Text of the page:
It’s been nearly five years since Korean actress Choi Jin-sil died, but her public homepage still lives on in cyberspace.
The site now acts as a digital memorial for the nation’s beloved leading lady, as her fans continue to leave messages of sympathy and appreciation.
Though many photos and journal entries remain online, there hasn’t been a single update since her passing.
Unfortunately due to a lack of legal precedent, even Choi’s family members are unable to manage her account.
“Though there are no current laws that exist to allow family members of the deceased to gain administrative access, the personal site can still be shut down. However, some choose to leave it up.”
The matter of digital inheritance remains a hazy area of law at home and abroad.
It centers around the the fate of our digital property, such as emails, online photos and social networking messages, after we die.
In recent years, an increasing number of families have been voicing a right to reclaim their lost loved ones’ online assets.
International websites like Facebook and Twitter let users decide what they would like to do with their accounts after a period of time, whether it be giving a farewell message or deleting all information.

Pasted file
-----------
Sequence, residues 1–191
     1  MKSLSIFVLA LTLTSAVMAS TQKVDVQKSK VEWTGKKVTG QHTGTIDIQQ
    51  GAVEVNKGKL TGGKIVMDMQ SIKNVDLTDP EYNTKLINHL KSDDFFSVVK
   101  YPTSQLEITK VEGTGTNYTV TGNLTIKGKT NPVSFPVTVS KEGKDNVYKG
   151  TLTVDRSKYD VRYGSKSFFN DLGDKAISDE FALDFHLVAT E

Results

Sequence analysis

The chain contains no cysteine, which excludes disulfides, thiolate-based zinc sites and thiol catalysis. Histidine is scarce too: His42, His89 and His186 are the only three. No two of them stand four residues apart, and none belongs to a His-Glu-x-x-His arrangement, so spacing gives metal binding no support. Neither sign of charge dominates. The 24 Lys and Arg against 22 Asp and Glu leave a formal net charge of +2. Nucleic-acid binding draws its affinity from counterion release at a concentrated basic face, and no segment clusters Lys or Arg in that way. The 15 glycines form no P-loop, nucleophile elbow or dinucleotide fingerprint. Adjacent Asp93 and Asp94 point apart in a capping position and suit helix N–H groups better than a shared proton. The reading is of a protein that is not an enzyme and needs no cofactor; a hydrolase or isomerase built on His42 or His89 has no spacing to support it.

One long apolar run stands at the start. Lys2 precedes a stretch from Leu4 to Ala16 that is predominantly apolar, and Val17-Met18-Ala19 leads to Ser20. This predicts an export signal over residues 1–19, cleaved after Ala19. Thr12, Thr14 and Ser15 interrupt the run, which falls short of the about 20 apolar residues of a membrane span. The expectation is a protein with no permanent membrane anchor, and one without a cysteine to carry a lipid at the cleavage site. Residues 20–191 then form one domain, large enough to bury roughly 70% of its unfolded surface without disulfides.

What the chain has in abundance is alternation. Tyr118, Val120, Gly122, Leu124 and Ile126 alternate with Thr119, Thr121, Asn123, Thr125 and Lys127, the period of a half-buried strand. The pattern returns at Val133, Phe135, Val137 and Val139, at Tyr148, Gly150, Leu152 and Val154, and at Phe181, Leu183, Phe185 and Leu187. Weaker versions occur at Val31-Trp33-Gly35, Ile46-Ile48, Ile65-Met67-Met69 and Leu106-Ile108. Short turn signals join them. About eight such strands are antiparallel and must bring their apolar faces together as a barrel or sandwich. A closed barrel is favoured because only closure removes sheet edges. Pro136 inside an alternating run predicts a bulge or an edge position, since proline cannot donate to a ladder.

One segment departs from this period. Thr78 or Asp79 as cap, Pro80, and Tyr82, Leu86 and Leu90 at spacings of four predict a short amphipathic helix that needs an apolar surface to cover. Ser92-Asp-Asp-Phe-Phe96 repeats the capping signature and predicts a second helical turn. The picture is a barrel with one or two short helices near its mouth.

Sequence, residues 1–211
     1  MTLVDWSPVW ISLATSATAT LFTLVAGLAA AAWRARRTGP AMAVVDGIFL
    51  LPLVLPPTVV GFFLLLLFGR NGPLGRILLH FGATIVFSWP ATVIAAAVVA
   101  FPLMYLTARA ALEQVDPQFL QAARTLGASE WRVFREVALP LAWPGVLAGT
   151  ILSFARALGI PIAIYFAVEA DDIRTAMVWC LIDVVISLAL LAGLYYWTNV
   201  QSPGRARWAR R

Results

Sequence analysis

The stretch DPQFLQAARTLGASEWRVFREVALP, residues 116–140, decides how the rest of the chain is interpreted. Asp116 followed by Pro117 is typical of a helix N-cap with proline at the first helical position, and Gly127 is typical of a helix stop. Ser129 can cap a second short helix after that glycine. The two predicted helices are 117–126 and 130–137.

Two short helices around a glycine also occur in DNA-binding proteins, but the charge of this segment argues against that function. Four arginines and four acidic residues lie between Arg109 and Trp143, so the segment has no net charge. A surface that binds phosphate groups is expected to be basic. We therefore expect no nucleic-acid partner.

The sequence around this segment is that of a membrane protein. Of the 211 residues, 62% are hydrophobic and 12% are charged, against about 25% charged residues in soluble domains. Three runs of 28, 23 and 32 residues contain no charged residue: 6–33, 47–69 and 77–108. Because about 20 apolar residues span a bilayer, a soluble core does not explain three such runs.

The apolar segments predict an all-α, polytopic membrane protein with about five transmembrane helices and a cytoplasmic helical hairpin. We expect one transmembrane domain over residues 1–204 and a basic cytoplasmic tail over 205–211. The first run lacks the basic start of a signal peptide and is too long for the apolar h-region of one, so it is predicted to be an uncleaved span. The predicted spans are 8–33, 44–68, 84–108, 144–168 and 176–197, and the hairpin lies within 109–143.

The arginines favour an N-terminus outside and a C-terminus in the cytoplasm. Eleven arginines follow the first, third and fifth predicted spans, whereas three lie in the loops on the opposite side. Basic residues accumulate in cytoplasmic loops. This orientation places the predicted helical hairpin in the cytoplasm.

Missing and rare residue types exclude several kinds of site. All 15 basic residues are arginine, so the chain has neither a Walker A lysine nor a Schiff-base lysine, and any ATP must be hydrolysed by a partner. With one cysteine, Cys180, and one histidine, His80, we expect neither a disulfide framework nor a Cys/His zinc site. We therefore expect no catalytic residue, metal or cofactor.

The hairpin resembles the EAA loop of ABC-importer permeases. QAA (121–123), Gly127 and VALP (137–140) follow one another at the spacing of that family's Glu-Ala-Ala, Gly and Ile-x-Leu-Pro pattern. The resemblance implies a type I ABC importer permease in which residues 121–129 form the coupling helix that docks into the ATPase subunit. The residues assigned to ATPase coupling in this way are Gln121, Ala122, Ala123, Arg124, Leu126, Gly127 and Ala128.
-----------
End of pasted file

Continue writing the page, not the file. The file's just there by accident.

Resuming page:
Meanwhile, the growing public demand for such services has prompted Korean lawmakers to push for broader policies and practical solutions to this problem.
“When you join a portal site and give your personal information, you should also be able to specify what you want to leave behind. This is why a digital inheritance law is needed.”
As we upload more of our lives online, the more significant and larger our digital inheritance becomes.
And in every case, a choice should be given to either leave it as our lifelong legacy or allow our family and friends the peace and closure they deserve.
Paul Yi, Arirang News.